Written by Kirsty Richards and originally published via The Terramar Project.
2018 has been designated the third International Year of the Reef (IYOR) by the International Coral Reef Initiative (ICRI). This year-long celebration is a great opportunity to come together to strengthen awareness on the plight of coral reefs, and to step up and initiate conservation efforts.
Want to get involved but not sure how? Live in a land-locked city and don’t think your actions affect the ocean? Well, you’re in the right place! We’ll show you ways people from different locations all over the world can get involved in International Year of the Reef!
Many of the actions listed below can be implemented in a variety of contexts around the world, although you needn’t need to worry about dropping an anchor on a reef if you’re thousands of miles from the ocean!
As a global citizen, no matter where you live in the world, you can have positive impacts for marine conservation;
- Use your voice. Politics may be deemed ‘boring’ by some, but using your vote to support key environmental issues is one of the most significant actions we can take.
- Money talks. Along with our voices, the businesses we support say a lot; shop at stores with good environmental practices, which sell sustainable seafood and which limit their single-use plastics.
- Walk the walk. Wear your green heart on your sleeve and practice what you preach, but also literally walk. Leave the car at home, reduce your carbon emissions and get those steps in.
Photo: Green Fins redefine the reef infographic
Live near the coast?
Lucky enough to live on the coast or have a coral reef on your doorstep?! Then get out and see it, but utilise some of these tips to ensure you’re not having a lasting detrimental impact on the reef;
- Just look – don’t touch. It is ingrained in us to touch and feel everything, however many creatures on coral reefs don’t wish to be prodded and many have defensive mechanisms to ensure we don’t do this more than once!
- Be a role model diver. Research shows a SCUBA diver makes contact with a reef an average of 6 times per dive! Ensure you have control of your buoyancy and don’t get too close to the reef.
- Don’t take (unless you’re picking up rubbish). Collecting shells is a keen past time and isn’t thought of as doing any harm. Unfortunately, when millions of people are thinking the same thing – this becomes problematic. Hermit crabs are losing potential new homes (they are known to move into a bigger, roomier shell as they grow), and our beaches are losing fine sand-making materials.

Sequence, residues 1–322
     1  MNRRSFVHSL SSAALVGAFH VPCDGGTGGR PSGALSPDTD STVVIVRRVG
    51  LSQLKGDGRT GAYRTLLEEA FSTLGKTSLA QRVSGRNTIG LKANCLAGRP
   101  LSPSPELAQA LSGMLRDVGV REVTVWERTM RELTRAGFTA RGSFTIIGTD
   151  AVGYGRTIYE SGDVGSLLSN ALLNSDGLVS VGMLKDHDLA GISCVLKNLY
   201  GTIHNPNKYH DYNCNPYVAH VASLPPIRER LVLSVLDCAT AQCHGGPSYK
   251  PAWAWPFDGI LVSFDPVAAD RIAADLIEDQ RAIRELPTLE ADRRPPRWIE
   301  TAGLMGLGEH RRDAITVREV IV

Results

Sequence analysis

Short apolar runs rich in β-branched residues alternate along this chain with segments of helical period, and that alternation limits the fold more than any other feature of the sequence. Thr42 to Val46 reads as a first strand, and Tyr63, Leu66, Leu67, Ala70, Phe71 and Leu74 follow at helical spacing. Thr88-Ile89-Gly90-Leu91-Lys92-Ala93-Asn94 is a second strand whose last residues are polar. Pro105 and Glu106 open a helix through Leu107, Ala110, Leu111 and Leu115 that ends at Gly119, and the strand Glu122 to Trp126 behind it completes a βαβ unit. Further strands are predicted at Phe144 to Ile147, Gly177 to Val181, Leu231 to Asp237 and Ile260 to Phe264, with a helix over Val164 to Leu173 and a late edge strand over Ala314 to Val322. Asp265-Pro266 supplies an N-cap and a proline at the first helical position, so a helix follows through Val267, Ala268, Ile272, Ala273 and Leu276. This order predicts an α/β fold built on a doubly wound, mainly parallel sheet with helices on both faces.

- Use a mooring, not an anchor. Our partners, Green Fins, are using the IYOR to highlight the damage dropping an anchor can do. For example, research shows that anchors grossly impact the health and diversity of life on a coral reef. The #AlternativestoAnchoring campaign is promoting the creation and use of permanent moorings, many of which can take more than one vessel at a time.
- Use reef-safe sunscreen. Research has shown chemicals such as oxybenzone and octinoxate are toxic to corals and their associated marine life. Hawaii, USA, has taken great steps to ensure the continued health of its reefs by banning sunscreens containing such chemicals. Many reef-safe alternatives are becoming increasingly available.
Live in a land-locked city or miles from the ocean?
As we well know – all rivers lead to the ocean, eventually.
Anything we flush down the drain, drop in the street or leave behind after a picnic has the potential to end up floating around the world on the ocean’s currents. So what can we do to limit our environmental impacts on the sea and the land?
- Reduce, Reuse, Recycle! The three ‘R’s have been around for a long time now, but they are no less important! Reduce what you use (especially in terms of plastics), reuse what you do use, and recycle once it’s on its last legs.
- Reduce your carbon emissions. The ocean absorbs two thirds of the Carbon Dioxide we emit, pushing up the temperature of the water. Warming oceans is arguably the number one risk to the world’s coral reefs, leading to potentially fatal coral bleaching. As one UK supermarket says “every little helps”, if we all make little changes to our daily lives the impacts could be huge. For example; turn off lights, wash your clothes in cooler water, power your homes with renewable energy and walk rather than taking the car.
- Spread the word. Whether you’re a coral nerd or not, you can play a key role in raising awareness. Read, watch and research about key marine conservation issues, and speak about them with friends, family and the general public.
- Get involved. Join a local conservation group, organise a marine conservation focused community day or host a screening of a documentary such as the award winning Chasing Coral.
- Make good food choices. Seafood lover? Perhaps limit your fish intake when it’s been flown thousands of miles from the waters it came from to reach your plate. Look into sustainably sourced or farmed fish instead.
The resounding message?
Be a role model for others.
Many of the actions we can take to benefit coral reefs and the wider ocean are similar no matter where we are in the world. We can all do something, we can all play our part and make a difference.
Think of yourself as a member of the global population, rather than one individual who can’t make a difference. Switching from single-use plastic to reusable and recyclable alternatives, reducing carbon emissions and educating yourself and others about marine conservation will go a long way to tackling many issues.
More on the International Year of the Reef: The IYOR website (www.iyor2018.org) is the central hub of all activities and events taking place around the world in support of the IYOR. You can also stay up to date on Facebook and Twitter.